1. Tying up kindling and firewood for your wood burning home stove. (Be sure to add ball bungees to your camping checklist this summer too.)
  2. Tie on a loose bumper or other car parts temporarily after a car accident.  This should only be a temporary solution – but it can help get the car out of the street and to the mechanic for a more permanent solution.
  3. Keep a car trunk, or truck end gate bungeed shut when you’re hauling something oversized.
  4. Tying down a tarp over virtually anything – especially when hauling on a trailer.
  5. Tie extension cords together.
  6. Add extra security to equipment you need to strap to the top of a vehicle.
  7. Grouping together tools, stuff in the garage, or even straight items like skis, ski poles, or fishing poles.
  8. For setting up small tarps or other ground cover over outdoor plants and trees to prevent freezing.
  9. Secure a gate closed when the latch has broken.
  10. Tie down a lid on a garbage can or recycling bin.
  11. Secure lids on pet food to keep unwanted animals and pests out.
  12. Attach Christmas lights or other decorations to fences, posts, etc.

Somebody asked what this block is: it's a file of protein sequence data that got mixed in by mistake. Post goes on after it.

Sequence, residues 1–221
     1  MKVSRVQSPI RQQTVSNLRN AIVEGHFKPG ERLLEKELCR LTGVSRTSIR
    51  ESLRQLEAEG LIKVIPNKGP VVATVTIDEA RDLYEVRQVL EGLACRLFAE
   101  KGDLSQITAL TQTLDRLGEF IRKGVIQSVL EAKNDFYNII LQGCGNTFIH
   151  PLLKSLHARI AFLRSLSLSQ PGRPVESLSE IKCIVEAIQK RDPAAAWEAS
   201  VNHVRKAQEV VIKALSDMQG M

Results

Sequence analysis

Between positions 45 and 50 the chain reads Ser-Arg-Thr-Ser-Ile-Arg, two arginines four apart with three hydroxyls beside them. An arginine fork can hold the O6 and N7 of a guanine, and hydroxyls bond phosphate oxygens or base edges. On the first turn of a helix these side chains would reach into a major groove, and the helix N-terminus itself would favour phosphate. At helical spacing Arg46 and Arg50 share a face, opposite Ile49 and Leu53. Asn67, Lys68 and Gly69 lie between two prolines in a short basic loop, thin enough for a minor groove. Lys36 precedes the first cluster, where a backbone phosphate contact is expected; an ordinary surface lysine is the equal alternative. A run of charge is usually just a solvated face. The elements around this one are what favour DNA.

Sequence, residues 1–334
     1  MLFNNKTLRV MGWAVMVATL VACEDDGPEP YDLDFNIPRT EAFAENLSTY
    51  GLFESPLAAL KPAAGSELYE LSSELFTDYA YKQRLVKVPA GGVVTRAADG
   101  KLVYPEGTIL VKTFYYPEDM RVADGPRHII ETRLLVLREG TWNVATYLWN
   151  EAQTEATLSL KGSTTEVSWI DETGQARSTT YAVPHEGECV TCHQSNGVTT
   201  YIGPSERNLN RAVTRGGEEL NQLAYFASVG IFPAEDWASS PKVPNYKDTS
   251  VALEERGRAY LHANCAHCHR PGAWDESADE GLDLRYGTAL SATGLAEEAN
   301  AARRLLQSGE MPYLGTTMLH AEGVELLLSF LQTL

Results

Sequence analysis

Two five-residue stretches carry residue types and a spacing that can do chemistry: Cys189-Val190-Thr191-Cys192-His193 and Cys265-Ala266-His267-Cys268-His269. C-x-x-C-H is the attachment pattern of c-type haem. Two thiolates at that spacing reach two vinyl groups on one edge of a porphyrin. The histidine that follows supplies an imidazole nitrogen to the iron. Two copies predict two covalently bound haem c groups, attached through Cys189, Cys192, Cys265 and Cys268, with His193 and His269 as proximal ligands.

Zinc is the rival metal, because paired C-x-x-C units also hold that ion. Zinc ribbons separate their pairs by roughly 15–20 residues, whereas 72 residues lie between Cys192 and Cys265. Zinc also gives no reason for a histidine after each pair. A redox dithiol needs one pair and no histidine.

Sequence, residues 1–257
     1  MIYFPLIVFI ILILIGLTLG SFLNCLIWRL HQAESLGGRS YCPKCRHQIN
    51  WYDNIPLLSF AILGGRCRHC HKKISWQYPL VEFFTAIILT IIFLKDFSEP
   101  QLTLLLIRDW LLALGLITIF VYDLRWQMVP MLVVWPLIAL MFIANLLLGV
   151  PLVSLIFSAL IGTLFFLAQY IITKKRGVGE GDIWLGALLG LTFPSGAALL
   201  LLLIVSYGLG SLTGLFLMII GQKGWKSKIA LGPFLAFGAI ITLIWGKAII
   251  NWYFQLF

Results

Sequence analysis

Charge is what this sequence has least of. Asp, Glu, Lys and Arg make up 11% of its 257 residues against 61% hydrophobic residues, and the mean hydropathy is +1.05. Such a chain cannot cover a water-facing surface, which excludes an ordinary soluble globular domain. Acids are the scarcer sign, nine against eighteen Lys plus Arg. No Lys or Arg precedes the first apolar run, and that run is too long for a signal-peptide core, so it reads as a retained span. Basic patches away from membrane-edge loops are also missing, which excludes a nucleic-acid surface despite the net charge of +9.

13. Loop around garden hoses before storing away for winter.
  14. Loop around handles on suitcases or other luggage pieces so you can attach ID tags and find them quickly at the airport.
  15. Secure flags on snowmobiles, ATVs, etc.
  16. Secure around pant leg before putting on snow boots to keep pant legs tucked in.
  17. Tie down a cooler inside a tractor cab to keep it in place.
  18. Bundle hockey sticks or skis together to make them easier to carry.
  19. Secure around rolled up outdoor carpeting to keep it tight while in storage.
  20. Secure a camera to a solid object to use a tripod.
  21. Add extra tie down points when using a cargo net.
  22. Hang tarps when doing home improvement projects to keep mess contained.
  23. Secure pet crates inside vehicle to keep them from sliding.
  24. Loop one around your phone and attach to your belt, backpack, etc. when outdoors.
  25. Gather and secure extra long extension cords, computer cords, media cables, etc. to keep them neat and managed.

You can find bungee ball tie downs in our bungee cord category on US Cargo Control: Bungee Cords.

If you already know what length and color of ball bungees you need, shop here:

 6″ Bungee Balls: Black (pack of 100)

6″ Bungee Balls: White (pack of 100)

9″ Bungee Balls: Black (pack of 100)

9″ Bungee Balls: White (pack of 100)

11″ Bungee Balls: Black (pack of 100)

11 Bungee Balls: White (pack of 100)

Have you used these handy bungee ball cords? Let us know how and we’ll add it to our list! Better yet- send us a picture; you just may see a blog post about it!